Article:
Print        

Europe Reaffirms Support for Iran Investment

Wednesday, February 14, 2018

 

The conference highlighted successes in the Iranian banking sector, international correspondent banking relations and cross-border trade finance, Reuters reported. 

Denis Chaibi, the head of Iranian taskforce at the EU’s external action service, was a keynote speaker who said the European Union could put in place regulations to protect its firms doing business in Iran, if the United States withdraws from the 2015 nuclear deal and restores extraterritorial sanctions. 

The senior EU official said one of the options would be to restore “blocking regulations”, a system from 1996 that would protect its firms, Financial Tribune reported.

“We are looking at a number of possibilities. It is not complicated to do it legally in that the legal instrument exists, but it doesn’t require a huge internal debate,” Chaibi said. 

 “It could be revived or put back, but only if it is clear that the US is putting back sanctions with extraterritorial sanctions and that they are being applied. It can’t be done protectively.”

According to Reuters, the regulations were agreed in 1996 as a countermeasure to the US extraterritorial economic sanctions against Cuba, which EU governments argued benefited US foreign policy interests at the expense of European sovereignty.

Iranian officials have repeatedly said the reluctance of major European banks to return to Iran has slowed its economic improvement, calling on European leaders to encourage businesses to return to Iran.

The European External Action Service, set up in 2009, runs a network of diplomats around the globe, drafts policy papers for EU foreign ministers and is led by the EU’s top foreign affairs diplomat, Federica Mogherini.

French Attitude

A senior French finance official also told the conference that France will encourage its firms to do business in Iran. 

“We are encouraging companies to keep doing business in Iran,” Joffrey Celestin-Urbain, director of bilateral relations at the French Finance Ministry, said. 

“We are in limbo on the international scene. Nobody knows what will happen after May. This is the uncertainty our French companies are facing and this is something you have to take for granted if you want to do business in Iran,” he said.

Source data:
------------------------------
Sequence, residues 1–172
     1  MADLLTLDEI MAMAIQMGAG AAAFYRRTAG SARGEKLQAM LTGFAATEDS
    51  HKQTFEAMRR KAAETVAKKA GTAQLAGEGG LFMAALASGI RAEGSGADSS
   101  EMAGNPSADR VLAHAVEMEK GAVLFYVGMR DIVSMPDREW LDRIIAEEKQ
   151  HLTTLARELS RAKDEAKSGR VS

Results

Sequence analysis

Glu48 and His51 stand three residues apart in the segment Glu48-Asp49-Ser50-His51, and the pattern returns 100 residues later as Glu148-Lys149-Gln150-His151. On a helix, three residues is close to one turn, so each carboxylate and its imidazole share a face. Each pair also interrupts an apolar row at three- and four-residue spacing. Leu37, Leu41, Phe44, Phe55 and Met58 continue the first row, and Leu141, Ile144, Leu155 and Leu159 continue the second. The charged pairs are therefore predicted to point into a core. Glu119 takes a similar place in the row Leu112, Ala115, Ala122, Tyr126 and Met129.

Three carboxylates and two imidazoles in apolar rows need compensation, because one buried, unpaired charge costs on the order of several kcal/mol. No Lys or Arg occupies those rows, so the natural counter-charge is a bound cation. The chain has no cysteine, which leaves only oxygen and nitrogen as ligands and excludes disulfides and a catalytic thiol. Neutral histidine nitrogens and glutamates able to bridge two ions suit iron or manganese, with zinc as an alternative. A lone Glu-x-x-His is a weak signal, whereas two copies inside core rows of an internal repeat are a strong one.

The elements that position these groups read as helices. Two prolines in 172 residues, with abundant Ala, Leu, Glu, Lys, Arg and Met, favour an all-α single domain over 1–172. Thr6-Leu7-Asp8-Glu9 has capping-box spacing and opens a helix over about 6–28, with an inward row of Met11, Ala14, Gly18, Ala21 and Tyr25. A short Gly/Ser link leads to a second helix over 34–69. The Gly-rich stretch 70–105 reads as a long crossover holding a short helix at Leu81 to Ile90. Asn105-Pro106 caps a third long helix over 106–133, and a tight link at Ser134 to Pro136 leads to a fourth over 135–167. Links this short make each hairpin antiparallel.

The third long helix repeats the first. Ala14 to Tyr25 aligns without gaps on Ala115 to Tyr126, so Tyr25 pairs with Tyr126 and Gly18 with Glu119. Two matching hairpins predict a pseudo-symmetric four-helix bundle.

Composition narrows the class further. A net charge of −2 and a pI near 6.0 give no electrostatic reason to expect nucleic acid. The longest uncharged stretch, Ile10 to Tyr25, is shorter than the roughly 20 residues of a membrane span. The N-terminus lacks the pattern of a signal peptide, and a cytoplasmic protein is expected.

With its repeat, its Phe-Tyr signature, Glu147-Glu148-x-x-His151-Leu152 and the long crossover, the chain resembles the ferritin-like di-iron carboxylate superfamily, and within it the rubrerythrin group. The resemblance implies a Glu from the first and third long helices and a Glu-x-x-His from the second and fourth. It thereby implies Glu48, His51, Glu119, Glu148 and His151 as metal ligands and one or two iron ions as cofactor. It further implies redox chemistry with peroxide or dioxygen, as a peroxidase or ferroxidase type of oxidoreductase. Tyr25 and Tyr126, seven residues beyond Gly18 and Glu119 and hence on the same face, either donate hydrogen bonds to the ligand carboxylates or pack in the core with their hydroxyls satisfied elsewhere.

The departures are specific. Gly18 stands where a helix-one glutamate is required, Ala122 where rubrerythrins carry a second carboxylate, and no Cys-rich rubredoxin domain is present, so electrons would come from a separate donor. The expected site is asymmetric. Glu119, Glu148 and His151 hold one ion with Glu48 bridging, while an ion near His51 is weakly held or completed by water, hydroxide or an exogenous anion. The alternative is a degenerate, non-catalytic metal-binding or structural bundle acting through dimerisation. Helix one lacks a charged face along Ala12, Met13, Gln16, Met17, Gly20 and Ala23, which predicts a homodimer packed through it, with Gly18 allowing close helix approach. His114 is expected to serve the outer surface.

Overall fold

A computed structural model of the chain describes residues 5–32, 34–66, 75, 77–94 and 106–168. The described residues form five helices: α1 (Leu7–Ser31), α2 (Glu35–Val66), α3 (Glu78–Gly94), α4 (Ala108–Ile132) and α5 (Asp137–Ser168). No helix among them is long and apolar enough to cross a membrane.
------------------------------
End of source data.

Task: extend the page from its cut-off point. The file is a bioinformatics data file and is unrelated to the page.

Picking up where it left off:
Along with other European countries, France has been looking to increase trade with Iran since Paris, Washington and other world powers agreed to lift most economic sanctions in 2016 in exchange for limitations on Tehran’s nuclear program. 

But Trump on Jan. 12 vowed to restore US sanctions unless France, Britain and Germany change what he calls the “worst deal ever” to his liking, casting the future of the deal in uncertainty until mid-May.

"French exports to Iran for the first 11 months of 2017 rose 120% to €1.29 billion ($1.6 billion) and imports grew 80 % to €2.16 billion," Celestin-Urbain said. 

"The short-term priority was to keep trade simple and complete a scheme this year to offer euro-denominated credits to Iranian buyers of French goods," he said, a move that would keep bilateral trade outside the reach of US sanctions. 

The head of state-owned investment bank Bpifrance, which is putting the plan together, said he was confident the scheme, which had a pipeline of deals worth €1.5 billion, could start operating by end-May or early-June. However, he warned that talks were ongoing on how to protect French firms if the US snapped back sanctions. 

“Everybody is waiting for the situation to be clarified,” said Nicolas Dufourcq. “We are currently negotiating with the Iranian authorities. Everybody understands that it would be a force-majeure event and the loan would have to be reimbursed and if we find a solution it will have to be in French interests.” 

No Services for Violators of Int'l Regulations

Governor of the Central Bank of Iran Valiollah Seif used the opportunity in his keynote speech–read by a representative– to highlight Iran's progress in various areas, including the banking sector. 

"We have concluded several finance agreements with our partners amounting to about €40 billion last year. These medium- and long-term  facilities have up to 14 years term and will be extended to Iran’s projects by banks in several countries, including but not limited to South Korea, China, Denmark, Austria, Russia and Italy," Seif said in his speech published on CBI's website. 

At the end, Seif pointed to his banks' continuous efforts to launch other reforms and stressed that "Iran's banks are obligated to refrain from offering international banking services to customers who do not adhere to international regulations".

"I emphasize, once more, that we are fully aware that we need to raise our standards and systems to provide more comfort to our partners and CBI regulates all banks to follow international standards," he concluded.

 

*Source: Eghtesadonline

طراحی و توسعه آگاه‌سیستم